Not a constant state, at least not a conscious one, this form of homesickness may be for something never experienced but dreamed of, idealized, sought.  It may be for the return to an earlier time when, whether it actually was or not, existence seemed less fraught with uncertainty.

Jobs and paychecks are more illusion than reality.  A roof of one's own is not a forever promise, nothing on the material plane is.

Home is a quiet mind.  It is the willingness to lean into faith in the face of so few guarantees.  It is acknowledging how much is unknown and uncontrollable and taking the next step anyway or standing still for a time, collecting my wits and other vulnerable parts.  It is a refusal to be swept away by fear or despair, by all the answers I don't have.

We are pieceworkers, patching together security blankets out of what we can gather, out of what we know to be true and lasting - beauty, love without expectations, serenity and an extensive collection of files detailing everything that ever, against great odds, turned out well, evidence of good outcomes.

It is important for me to know and name this yearning.  Otherwise, terror wins and I feel myself leaving this moment for tomorrow's shadowy corners.  Yes, it is a rocket ride to someplace I've never been.  It just might be home.

Friday, August 7, 2015

Happy Birthday, Little Blog

It is a week to think of friends, one just departed, to ponder the connections that flourish and endure because friendship is grace.  To all who stop here to read, perhaps comment,  my deep appreciation.  Today is Blog's 7th birthday.  In the past I called it an anniversary.  Today we have candles.  If I'm very lucky, a bit of cake may appear. 

What better way to mark an event than with a new-to-me artist.  JiHyeon Lee and her soul-nourishing, wordless book POOL.
In Maria Popova's exploration of POOL (see link above), Neil Gaiman is quoted as saying, "Behind every pair of eyes, there's somebody like us."  Thank you for being here, for returning.  Please put sprinkles on everything today, with my blessing.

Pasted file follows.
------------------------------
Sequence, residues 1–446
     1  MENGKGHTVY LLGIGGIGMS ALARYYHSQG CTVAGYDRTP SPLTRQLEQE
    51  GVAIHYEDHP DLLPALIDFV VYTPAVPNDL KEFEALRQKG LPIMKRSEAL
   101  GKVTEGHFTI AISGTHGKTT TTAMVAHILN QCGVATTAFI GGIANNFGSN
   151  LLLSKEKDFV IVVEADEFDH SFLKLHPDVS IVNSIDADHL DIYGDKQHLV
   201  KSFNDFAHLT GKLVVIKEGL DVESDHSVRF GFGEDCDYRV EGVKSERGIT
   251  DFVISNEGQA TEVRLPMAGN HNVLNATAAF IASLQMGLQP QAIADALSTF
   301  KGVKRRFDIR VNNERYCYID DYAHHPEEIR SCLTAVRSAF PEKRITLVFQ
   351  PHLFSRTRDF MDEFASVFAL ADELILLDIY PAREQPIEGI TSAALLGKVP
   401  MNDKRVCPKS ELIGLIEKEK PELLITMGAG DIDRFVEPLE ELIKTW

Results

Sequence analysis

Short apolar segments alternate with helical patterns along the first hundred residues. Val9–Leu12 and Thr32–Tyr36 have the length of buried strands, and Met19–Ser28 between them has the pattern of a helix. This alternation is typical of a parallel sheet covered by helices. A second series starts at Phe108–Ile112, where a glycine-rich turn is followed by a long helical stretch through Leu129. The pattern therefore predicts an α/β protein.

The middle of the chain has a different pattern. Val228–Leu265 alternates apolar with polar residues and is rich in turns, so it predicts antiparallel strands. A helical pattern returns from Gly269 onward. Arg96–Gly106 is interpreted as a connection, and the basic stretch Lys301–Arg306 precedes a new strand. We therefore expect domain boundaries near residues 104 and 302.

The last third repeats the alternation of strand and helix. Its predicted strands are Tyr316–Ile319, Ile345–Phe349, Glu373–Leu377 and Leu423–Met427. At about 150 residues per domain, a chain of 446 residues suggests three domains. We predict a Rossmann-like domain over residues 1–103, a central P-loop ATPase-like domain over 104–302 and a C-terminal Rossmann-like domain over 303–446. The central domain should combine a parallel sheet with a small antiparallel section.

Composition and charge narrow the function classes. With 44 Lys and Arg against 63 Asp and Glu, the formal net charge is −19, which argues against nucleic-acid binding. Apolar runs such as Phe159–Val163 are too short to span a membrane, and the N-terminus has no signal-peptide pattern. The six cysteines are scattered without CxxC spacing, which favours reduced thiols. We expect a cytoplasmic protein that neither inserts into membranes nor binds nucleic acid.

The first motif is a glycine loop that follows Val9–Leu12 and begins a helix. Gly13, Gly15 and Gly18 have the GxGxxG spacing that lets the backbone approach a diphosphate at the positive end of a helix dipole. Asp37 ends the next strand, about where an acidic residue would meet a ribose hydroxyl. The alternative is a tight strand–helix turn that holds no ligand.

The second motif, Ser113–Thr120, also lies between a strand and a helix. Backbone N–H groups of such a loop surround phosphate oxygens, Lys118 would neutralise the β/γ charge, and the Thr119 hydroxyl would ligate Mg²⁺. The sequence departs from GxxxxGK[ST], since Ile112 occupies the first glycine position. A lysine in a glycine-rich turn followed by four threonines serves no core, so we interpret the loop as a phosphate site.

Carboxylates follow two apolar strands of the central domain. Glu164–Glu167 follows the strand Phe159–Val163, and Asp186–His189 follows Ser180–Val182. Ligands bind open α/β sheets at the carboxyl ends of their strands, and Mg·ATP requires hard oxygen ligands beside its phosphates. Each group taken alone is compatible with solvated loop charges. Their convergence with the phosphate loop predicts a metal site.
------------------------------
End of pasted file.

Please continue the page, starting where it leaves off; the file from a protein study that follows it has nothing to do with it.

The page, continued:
Monday, August 3, 2015

Word of the Week- 74

"Arthur and the Triplets Waiting for a Letter from the Mailman."  (from the Babar stories)
Word of the Week:  WAIT

Patience, more a virtue than ever.  The willingness to wait for whatever is desired but not yet here seems to appeal to very few.  We wait for so much.  Mostly I feel as though I wait for myself.

I wait for guidance, for information, for clarity.  I've stopped hurrying.  I allow matters to unfold in quiet and calm, if possible.  If my inner wisdom is not a shrieking, "DO IT NOW, " I will do it later.  There was an article this week - somewhere - about procrastination not being only the refuge of slackers and layabouts.  The article suggested there was wisdom at work when decisions were postponed, immediate action deferred.

(From the album, "The 2,000 Year Old Man" by Carl Reiner and Mel Brooks)
Carl: Sir, could you give us the secret of your longevity?

Mel: Well, the major thing, the major thing is that I never, ever 
touch fried food. I don't eat it, I wouldn't look at it, and I 
don't touch it. And I never run for a bus. There'll always be 
another. Even if you're late for work, you know, I never run 
for a bus. I never ran. I just strolled, jaunty-jolly, walking 
to the bus stop.
It seems the popularly-held belief is that we miss so much by delaying, delaying anything.  I don't understand how this can be a universal truth.  Since we have no way of knowing what even the next moment holds, how can we be certain that not taking the trip, not seeing the movie, not rushing out in pursuit of 12 seemingly essential activities will cause us lifelong regret.  I have no "bucket list" and the name itself gives me hives.  We can be led astray by our wants, just as we can be inspired by them.

I am not one of the universe's bold children, I never have been.  Yes, I've done rash and foolish things, been incautious in dangerous ways.  The luck of fools or an army of guardian angels.  Haste is not my ally.  Answers DO come, or if they don't I assume there is no answer.  Rilke's* urging that we live the questions is my norm.  At times it seems to be only questions held loosely together by gravity.  Wait, is what I interpret him saying.  Wait.

* “Be patient toward all that is unsolved in your heart and try to love the questions themselves, like locked rooms and like books that are now written in a very foreign tongue. Do not now seek the answers, which cannot be given you because you would not be able to live them. And the point is, to live everything. Live the questions now. Perhaps you will then gradually, without noticing it, live along some distant day into the answer.”